Rachel Khong is best known as the former executive editor of the much loved and recently-shuttered food magazine Lucky Peach and the author of the cookbook/eggy encyclopedia All About Eggs. With credentials like these, it should come as no surprise that her first novel, Goodbye, Vitamin, which was recently released in paperback, is filled to the brim with food. Told through the diary entries of Ruth Young, the story is obsessed with memory — its mechanics, its processes, its joys and pitfalls — and the role that food plays in it.
The book begins when Ruth, newly dumped by her fiancé, moves back home with her parents to lick her wounds and take care of her father, Howard, who has recently been diagnosed with Alzheimer’s.
Ruth’s breakup and Howard’s diagnosis take place before the book even begins (as does the revelation of Howard’s history of infidelity), so rather than being about the drama of these big, life-altering events, the story is largely an exploration of how Ruth, Howard and their circle of family and friends recover from and learn to live with grief and loss.
Despite the apparent grimness of its premise, Goodbye, Vitamin also manages to be extraordinarily funny. In one scene, fed up with Ruth’s attempts to feed him cruciferous vegetables as a way of slowing down memory loss, Howard declares, “No more crucified vegetables,” to which Ruth responds, “But they died for you, Dad.”
She eventually gives in and makes lasagna instead, “and no vegetables were sacrificed in the process.”
It’s a clever, heartwarming moment, and one that highlights the extent to which Ruth uses food to process her complicated relationship with her father, among others.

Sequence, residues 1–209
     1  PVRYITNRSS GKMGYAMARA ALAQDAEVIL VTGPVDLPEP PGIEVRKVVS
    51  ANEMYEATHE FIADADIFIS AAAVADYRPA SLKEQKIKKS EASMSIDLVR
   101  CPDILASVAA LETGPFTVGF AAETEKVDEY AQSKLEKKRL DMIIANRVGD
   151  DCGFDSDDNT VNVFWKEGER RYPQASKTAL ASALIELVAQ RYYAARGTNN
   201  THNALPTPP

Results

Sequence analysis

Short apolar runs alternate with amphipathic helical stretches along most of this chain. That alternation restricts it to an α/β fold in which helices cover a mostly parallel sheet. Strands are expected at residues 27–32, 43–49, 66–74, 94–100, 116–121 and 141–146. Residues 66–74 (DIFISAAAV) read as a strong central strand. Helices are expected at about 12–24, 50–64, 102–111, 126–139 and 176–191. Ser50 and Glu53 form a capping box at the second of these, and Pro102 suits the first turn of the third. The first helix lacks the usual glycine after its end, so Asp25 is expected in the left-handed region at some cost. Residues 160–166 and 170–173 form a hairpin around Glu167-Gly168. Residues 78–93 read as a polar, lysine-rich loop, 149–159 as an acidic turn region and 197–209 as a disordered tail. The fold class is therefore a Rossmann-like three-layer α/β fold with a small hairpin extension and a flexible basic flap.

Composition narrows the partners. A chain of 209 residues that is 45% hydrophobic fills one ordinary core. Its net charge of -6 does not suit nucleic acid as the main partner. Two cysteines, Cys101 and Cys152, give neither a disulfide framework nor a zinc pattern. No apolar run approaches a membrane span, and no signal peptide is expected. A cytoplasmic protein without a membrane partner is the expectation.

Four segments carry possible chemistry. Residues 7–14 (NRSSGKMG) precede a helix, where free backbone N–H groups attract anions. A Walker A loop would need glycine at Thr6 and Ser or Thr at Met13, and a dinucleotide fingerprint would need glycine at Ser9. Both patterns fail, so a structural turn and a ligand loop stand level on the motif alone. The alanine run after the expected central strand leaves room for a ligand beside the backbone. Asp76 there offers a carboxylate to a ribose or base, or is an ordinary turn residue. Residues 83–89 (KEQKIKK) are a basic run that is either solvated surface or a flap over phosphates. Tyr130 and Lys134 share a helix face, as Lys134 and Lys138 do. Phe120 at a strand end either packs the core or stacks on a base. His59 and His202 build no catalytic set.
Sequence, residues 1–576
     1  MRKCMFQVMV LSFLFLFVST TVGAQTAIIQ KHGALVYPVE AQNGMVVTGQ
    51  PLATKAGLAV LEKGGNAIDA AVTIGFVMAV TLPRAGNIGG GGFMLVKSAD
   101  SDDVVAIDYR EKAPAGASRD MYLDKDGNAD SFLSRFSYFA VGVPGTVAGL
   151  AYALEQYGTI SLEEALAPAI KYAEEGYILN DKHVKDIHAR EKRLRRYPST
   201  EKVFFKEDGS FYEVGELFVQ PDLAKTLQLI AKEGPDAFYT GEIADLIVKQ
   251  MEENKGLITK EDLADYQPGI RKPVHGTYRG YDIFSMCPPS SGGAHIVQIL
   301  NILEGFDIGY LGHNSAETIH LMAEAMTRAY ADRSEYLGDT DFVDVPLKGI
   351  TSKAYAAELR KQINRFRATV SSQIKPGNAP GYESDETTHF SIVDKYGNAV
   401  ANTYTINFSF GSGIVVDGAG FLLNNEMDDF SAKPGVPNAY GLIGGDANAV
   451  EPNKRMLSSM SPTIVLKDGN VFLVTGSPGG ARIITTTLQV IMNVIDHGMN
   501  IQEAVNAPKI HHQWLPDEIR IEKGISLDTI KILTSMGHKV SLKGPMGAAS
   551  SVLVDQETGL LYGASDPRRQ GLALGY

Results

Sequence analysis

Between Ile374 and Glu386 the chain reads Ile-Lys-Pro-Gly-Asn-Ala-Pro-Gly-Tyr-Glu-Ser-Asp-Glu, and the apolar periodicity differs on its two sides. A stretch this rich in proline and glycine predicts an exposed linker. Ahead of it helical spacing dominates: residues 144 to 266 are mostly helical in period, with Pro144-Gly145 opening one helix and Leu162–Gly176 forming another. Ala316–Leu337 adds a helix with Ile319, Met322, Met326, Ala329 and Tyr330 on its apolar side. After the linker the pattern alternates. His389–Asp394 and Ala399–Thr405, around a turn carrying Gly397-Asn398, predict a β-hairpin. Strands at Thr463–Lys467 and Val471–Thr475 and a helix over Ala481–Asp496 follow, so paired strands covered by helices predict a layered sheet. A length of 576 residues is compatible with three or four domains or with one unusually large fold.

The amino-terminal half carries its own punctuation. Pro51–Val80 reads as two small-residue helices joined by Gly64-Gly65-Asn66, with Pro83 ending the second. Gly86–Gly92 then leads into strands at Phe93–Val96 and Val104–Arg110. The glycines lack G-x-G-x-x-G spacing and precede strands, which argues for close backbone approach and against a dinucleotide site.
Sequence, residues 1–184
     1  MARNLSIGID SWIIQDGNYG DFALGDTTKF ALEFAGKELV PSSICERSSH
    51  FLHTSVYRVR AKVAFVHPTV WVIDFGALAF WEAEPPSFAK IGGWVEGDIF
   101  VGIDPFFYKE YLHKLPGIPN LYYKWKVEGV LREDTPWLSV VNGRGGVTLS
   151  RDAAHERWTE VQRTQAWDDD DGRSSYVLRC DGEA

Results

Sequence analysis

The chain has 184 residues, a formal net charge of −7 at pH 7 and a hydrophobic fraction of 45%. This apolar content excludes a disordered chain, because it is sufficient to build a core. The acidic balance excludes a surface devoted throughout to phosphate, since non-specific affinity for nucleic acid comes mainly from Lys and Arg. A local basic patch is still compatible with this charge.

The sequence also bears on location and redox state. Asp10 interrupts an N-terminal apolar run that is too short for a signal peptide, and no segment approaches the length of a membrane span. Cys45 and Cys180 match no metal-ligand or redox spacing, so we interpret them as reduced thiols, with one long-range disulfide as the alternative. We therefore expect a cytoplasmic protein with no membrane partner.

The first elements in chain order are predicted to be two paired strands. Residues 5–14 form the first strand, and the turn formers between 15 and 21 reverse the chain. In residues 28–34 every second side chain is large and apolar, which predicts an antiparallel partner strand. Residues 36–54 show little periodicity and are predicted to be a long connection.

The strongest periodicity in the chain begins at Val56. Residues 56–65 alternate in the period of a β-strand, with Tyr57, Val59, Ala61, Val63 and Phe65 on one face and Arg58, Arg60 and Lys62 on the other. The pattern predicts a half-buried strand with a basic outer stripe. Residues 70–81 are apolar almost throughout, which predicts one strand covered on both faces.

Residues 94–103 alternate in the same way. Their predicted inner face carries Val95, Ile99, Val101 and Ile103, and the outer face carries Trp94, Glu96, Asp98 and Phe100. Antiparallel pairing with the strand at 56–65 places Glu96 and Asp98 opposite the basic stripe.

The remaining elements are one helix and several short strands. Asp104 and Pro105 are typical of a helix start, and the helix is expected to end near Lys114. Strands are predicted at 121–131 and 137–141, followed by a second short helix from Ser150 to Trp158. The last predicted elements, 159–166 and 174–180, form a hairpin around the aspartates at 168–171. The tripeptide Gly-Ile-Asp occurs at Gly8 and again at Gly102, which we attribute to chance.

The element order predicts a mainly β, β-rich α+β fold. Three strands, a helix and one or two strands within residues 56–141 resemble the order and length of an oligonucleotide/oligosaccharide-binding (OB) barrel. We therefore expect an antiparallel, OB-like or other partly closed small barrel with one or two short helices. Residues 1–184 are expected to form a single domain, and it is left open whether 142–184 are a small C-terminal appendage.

There is a rich history of writers using food to stand in for larger, more abstract themes in fiction, but what is unique about the way that food appears in Goodbye, Vitamin is that it’s at the forefront even when it plays no symbolic role.
There is food on nearly every page of the book, in every description of every event and every memory, an essential part of the texture of day-to-day living. Whether this is intentional or not, its ubiquitous presence in the story has the effect of providing emotional and narrative continuity in a book that doesn’t have a traditional plot structure and instead reads as a sequence of fun facts, short conversations, puns, flashes of memories, and descriptions of dreams.
It’s tempting to call Goodbye, Vitamin “quirky,” the go-to adjective for books that are hodge-podged together, but not “serious” enough to qualify for the more high-brow descriptors of “postmodern” or “pastiche.”
And while as a descriptive term, “quirky” is not inaccurate, it has a tendency of sounding dismissive, as if an author’s stylistic choices were just a cutesy fluke.
But if we consider the quirkiness of Goodbye, Vitamin to be an essential part of its storytelling strategy, we can begin to appreciate, for example, what creative and fantastic use Khong makes of the diary form, which is otherwise too often used as a lazy prop for structuring a novel. We’re also better able to see how purposeful and effective the novel’s mixture of tidbits is for a story that is all about partial remembering.
Khong has previously written about her experience of keeping a meticulous log of everything she ate as a way of assuaging her fear of forgetting; Goodbye, Vitamin reads in part like a fictional continuation of that project.
In both of these delightfully contemplative pieces, food takes on the role of a mnemonic device, such that the pleasures of eating, reading, and remembering become one and the same. As readers, we are lucky that we get to take part in such delicious and unforgettable pleasures.